How would you suggest a family approach these subjects?
Meredith: I think books of this sort are extremely valuable for young Christians. It’s natural to want to shelter children from such heavy subjects, but we need to help them understand the reality of sin and the havoc it can wreak upon the innocent. Della and Suki have had to grow up much too quickly. Unfortunately, many children face similar situations (including Bradley herself, as she informs us in the Author Note). Della’s voice, while blunt and sarcastic at times, is authentic and engaging. Kids will feel for both her and Suki. They will also laugh at the humor in the story (which is blessedly prevalent). Parents can discuss the ways their children can reach out toward others who might come from similar family situations. Also, Della’s relationship with her friend Neveah, including the positive negative ways she responds to Neveah’s offers of friendship, will generate some important discussions.
I recommend families read the Author’s Note and research the resources Bradley provides. They could also seek ways to help others in need around them: volunteer at a food bank or homeless shelter, for example. I also recommend reading recently-published books that deal with similar themes, such as The Blackbird Girls, Chirp, and A Game of Fox & Squirrels. These are written in more subtle tones but still address these relevant issues. Do you have any other resources, fiction or nonfiction, to recommend for families who read this book?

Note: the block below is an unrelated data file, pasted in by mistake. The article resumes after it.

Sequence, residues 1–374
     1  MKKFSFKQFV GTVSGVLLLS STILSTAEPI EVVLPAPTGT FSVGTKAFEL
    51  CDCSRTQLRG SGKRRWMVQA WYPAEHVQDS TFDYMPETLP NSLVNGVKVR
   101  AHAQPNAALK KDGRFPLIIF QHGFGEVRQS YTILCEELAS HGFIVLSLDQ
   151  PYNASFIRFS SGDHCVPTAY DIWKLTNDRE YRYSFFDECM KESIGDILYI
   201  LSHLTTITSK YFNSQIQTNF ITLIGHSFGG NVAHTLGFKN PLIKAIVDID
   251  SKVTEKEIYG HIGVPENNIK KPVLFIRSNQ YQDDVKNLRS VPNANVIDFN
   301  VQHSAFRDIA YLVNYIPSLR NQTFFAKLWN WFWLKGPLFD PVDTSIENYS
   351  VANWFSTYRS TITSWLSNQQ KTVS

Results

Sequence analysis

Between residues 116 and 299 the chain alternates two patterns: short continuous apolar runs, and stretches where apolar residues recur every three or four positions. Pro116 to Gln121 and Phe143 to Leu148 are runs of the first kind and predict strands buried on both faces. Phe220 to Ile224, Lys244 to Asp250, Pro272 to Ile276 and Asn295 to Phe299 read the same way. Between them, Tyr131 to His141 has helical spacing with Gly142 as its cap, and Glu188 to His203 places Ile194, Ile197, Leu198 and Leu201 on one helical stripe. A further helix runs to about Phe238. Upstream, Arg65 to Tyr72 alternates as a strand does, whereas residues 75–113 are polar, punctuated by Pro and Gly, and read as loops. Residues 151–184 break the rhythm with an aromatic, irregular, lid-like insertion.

Janie: Good question! Rachel Denhollander, who was the first victim to expose the abuses of U Michigan doctor Larry Nasser, has written of her experience in What Is a Girl Worth? We never got around to reviewing it, but Denhollander brings a Christian sensibility to the subject while pulling no punches. Child abuse of all kinds is frightfully common in our society, and we dishonor our calling if we ignore the cries of the innocent. Even though Fighting Words makes little mention of God, it demonstrates the strong moral core and sense of outrage that every Christian should feel.
Fighting Words may be a strong Newbery contender–we’ll see.